|© UNICEF Lao PDR/2008/Phouthavong|
|Families in Lao PDR's flood-affected Sendin Village await distribution of UNICEF hygiene supplies.|
By Simon Ingram
VIENTIANE, Lao People’s Democratic Republic, 8 September 2008 – In the nine years that he’s been director of the Sendin Village primary school, Sengtun Vongsay has had more than one opportunity to reflect on the destructive force of the nearby Nam Ngum River.
Now he stands beside the outside wall of the school’s main classroom block and points to a grubby tidemark that runs across the pink plasterwork about 30 centimetres above his head. “The water came up to here this time,” says Mr. Vongsay. “It stayed there for more than a fortnight before it began to recede.”
A glance inside the classrooms reveals the damage the murky waters left behind: Wide cracks and holes have opened in the concrete floor, which is covered in a thick layer of slime.
Wooden desks and benches lie broken in a sodden heap. For the time being, pupils from damaged classrooms have been squeezed into the school’s other block, which sits on higher ground and was less seriously flooded.
“We managed to move the books out in time,” says Mr. Vongsay. “But it’s going to be quite a job to get the place repaired and ready for use again.”
Marooned for days
A muddy track links the school to the rest of Sendin Village, which is situated some 40 km north of the capital, Vientiane. It lies in a flat, fertile region that was hit hard when the Mekong River and many of its tributaries burst their banks in mid-August.
The house belonging to one villager, Ms. Boualaphanh, 42, was engulfed by floodwaters that at one point reached two metres deep.
“We were marooned for days on the second floor,” says the mother of two. “We managed to buy just enough water to drink for the first two days. Then we managed to find a boat to take us to the dispensary where we got more.” Ms. Boualaphanh, together with her daughter and two-year-old granddaughter, joined other villagers at the temple close to the river bank.
Water containers, soap, chlorine tablets and other life-saving hygiene supplies provided by UNICEF were being handed out to families worst-affected by the floods.
As in most flooding emergencies, it’s the shortage of safe water that’s the most pressing problem. Staff from the Ministry of Health and the National Centre for Environmental Health and Water Supply (Nam Saat) were on hand to give instructions on how the supplies should be used.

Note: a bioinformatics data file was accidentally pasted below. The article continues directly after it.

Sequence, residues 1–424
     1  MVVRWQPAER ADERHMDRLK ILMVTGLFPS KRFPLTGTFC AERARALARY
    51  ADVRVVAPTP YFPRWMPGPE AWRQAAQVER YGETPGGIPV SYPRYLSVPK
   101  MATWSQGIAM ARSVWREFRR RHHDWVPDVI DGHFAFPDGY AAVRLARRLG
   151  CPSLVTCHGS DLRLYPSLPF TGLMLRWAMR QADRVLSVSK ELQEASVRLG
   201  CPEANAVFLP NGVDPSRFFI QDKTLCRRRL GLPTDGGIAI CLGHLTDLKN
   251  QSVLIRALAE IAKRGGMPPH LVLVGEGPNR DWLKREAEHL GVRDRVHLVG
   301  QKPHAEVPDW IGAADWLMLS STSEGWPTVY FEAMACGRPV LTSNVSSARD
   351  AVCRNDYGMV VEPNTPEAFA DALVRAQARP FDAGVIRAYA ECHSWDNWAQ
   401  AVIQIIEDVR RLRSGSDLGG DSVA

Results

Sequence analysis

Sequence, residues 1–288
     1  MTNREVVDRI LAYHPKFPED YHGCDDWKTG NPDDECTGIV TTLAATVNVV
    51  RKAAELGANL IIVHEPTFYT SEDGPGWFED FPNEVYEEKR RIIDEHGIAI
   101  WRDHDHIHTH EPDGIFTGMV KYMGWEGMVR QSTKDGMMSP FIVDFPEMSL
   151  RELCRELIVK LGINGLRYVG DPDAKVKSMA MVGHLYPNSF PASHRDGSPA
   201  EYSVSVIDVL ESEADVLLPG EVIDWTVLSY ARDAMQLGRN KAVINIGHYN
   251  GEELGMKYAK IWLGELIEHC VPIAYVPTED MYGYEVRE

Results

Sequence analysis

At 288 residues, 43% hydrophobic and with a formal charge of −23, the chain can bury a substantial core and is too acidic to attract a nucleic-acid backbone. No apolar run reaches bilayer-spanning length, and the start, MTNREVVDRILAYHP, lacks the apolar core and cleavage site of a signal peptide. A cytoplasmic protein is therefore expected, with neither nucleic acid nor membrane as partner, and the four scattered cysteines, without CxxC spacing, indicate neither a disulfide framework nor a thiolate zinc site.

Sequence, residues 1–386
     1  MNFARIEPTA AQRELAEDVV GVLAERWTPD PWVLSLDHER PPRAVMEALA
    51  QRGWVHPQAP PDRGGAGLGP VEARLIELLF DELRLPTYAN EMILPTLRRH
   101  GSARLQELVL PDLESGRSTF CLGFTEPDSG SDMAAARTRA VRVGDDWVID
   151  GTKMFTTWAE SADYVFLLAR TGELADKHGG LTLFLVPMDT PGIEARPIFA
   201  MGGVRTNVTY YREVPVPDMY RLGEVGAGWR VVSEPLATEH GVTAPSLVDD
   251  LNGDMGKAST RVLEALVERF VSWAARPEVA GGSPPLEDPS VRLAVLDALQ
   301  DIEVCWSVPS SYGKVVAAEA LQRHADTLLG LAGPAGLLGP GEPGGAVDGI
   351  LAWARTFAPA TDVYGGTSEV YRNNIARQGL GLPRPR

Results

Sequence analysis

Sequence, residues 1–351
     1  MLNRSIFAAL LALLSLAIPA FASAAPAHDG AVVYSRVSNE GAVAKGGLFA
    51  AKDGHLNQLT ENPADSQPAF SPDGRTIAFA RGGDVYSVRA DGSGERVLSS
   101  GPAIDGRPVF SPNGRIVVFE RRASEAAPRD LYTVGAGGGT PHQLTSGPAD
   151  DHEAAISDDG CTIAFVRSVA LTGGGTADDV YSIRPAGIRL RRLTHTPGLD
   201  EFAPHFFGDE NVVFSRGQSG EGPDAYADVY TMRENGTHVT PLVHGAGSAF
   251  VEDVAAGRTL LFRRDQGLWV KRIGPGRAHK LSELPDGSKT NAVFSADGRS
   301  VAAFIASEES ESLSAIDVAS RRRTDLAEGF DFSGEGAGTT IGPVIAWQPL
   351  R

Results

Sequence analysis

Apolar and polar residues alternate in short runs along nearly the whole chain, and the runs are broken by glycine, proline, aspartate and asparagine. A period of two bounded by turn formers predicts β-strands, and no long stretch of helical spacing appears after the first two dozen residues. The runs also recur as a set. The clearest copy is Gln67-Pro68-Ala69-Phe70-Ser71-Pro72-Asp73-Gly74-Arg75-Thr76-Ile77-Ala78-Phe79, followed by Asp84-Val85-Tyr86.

|© UNICEF Lao PDR/2008/Phouthavong|
|Villagers in Sendin receive emergency hygiene materials after devastating floods damaged their water supply system.|
Rehabilitating the ground wells that have been filled with dirty floodwater is a critical issue. Engineers from Nam Saat are going around the village helping well owners flush out gallons of fetid brown water from each well.
“The wells are very dirty after the flooding, so people cannot use them,” said UNICEF Water and Sanitation Officer Bandith Leuanvilay. “So we come and demonstrate to them how to empty the well, how to use the chlorine in the right way.”
The emergency supplies reaching Sendin Village are just a small part of UNICEF’s ongoing response, which swung into action as soon as the extent of to the flooding became clear.
Northern and central regions of Laos, as well as the capital, Vientiane, were severely affected, with extensive damage to rice paddies, homes and infrastructure. An appeal to regional and international donors is being issued this week.
“Once the funds are available, UNICEF will be helping deliver assistance to all affected communities not only in terms of water and sanitation, but also in the areas of health, nutrition and education,” said UNICEF Representative in Lao PDR Laila Ismail-Khan. “Together with the rest of the United Nations family, UNICEF will play its part in helping Laos recover from what has been one of the more painful episodes in its recent history.”